News: December 2019
There are three questions with which every human being wrestles at one time or another:
· What’s the purpose of life?
· What am I called to do with that life?
· What should shape my life as I pursue that calling?
In working with schools those are questions with which I ask them to engage. Until an individual or an organization creates clarity around those questions it is impossible for them to flourish in any meaningful way. Clarity is important but equally so is the purposeful decision by an organization or individual to align belief with behavior. Without alignment there can be no integrity. And without integrity all is eventually lost.
A compelling illustration of this comes through the words of Jesus of Nazareth. In the midst of a conversation with his disciples he made very clear the purpose of his life: I have come to seek and save that which is lost. Simple. Compelling. Concise. Every day, in varied situations, speaking to vastly different groups, Jesus never veered off course, never missed an opportunity, never said, “You know what, I’m tired of doing this. It’s too hard. I think its time for someone else to step in.” His course was set for him; “I’ve come to do my Father’s will”, and he stayed that course faithfully and effectively throughout his life.
And aren’t we glad that he did. Because he relentlessly pursued his purpose all the way to the cross, the grave, and beyond we have been given the opportunity to live purposefully in a broken world. For that reason if no other we can exclaim with the Apostle Paul, “Thanks be to God for his indescribable gift.”
Life “under the sun” is, under the best of circumstances, remarkably difficult. Everywhere we look is pain, suffering, heartache, hunger, despair and myriad other obstacles and challenges. Imagine life without the hope we have in Christ. In actuality we don’t have to imagine that world. All of that pain and despair is on display every day on our screens and in our communities. It is unavoidable.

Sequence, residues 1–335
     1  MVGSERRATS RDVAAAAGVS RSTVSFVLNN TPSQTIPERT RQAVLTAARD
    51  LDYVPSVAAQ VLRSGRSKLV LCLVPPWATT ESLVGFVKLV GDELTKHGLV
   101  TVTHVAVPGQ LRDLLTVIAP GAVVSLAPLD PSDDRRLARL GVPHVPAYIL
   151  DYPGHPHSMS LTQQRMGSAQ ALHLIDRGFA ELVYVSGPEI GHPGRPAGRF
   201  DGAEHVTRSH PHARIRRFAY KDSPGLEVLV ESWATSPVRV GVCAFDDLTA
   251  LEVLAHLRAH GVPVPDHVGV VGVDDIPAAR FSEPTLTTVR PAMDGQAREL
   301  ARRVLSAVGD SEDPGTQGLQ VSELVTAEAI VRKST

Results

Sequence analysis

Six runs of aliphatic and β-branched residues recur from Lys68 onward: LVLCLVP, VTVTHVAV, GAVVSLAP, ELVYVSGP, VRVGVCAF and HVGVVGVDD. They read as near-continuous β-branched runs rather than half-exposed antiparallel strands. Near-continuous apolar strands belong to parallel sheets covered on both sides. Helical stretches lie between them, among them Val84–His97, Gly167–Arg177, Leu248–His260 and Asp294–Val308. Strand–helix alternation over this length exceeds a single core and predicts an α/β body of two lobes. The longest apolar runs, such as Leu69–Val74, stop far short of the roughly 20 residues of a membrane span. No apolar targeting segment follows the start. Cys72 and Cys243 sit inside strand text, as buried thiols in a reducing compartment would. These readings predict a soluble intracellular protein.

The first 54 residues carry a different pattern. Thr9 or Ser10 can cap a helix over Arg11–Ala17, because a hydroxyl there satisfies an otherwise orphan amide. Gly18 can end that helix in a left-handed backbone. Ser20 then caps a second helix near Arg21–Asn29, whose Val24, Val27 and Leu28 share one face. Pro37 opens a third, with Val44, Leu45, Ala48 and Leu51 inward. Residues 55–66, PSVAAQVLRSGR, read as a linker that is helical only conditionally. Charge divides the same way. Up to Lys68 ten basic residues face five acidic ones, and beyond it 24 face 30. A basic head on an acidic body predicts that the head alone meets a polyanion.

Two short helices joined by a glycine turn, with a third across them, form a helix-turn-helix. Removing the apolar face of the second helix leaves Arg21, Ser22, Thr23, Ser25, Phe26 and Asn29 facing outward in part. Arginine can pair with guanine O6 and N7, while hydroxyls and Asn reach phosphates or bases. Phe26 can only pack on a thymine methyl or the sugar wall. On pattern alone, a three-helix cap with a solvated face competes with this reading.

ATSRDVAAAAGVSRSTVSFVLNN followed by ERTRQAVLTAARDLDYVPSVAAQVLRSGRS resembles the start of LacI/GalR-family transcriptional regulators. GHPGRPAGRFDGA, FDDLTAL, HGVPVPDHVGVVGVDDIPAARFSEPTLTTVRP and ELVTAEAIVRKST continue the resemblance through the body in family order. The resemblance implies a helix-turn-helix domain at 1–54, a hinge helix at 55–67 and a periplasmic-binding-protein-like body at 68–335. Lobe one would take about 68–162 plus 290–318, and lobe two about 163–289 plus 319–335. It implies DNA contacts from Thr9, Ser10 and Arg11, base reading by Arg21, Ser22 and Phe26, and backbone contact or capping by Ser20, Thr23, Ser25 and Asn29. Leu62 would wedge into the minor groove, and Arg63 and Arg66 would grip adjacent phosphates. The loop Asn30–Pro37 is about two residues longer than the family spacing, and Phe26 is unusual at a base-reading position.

I recently read an article on the Colson Center blog site that illustrates the sadness and sorrow of the world in which we live. Consider this single statistic. “Between 1959 and 2017 life expectancy in the United States rose from 69.9 to 78.9 years. That is a rather impressive gain.” As John Stonestreet points out, however, a new study published in the Journal of the American Medical Association points a portrait of a society in deep trouble. For the third year in a row, the average life expectancy in the United States has declined. The last time American life expectancy declined three years in a row, World War I and the “Spanish Flu” pandemic killed 675,000 Americans. Percentage wise that would be the same as losing 2.5 million Americans today.”
As it turns out the reasons which seem to underlie this phenomenon are not related to poor health care options but rather to things like suicide, drug overdoses, liver disease and dozens of other causes summed up in the phrase “deaths from despair” a phrase coined by researchers Anne Case and Angus Deaton.
When Jesus stepped into this world he came to provide a solution for despair. He came with the intention of seeking out and saving those whose lives were broken by sin. We see an illustration of this passion for his purpose when Matthew observes that, “When Jesus saw the crowds he had compassion for them because they were harassed and helpless, like sheep without a shepherd.”
As John Stonestreet points out, “The Greek word that is translated “compassion” describes a visceral reaction, not a mere sentiment. In other words, Jesus felt this one in his gut.” His response to their plight was to tell his disciples to ‘pray earnestly to the Lord of the harvest to send out laborers into his harvest,’ starting with themselves.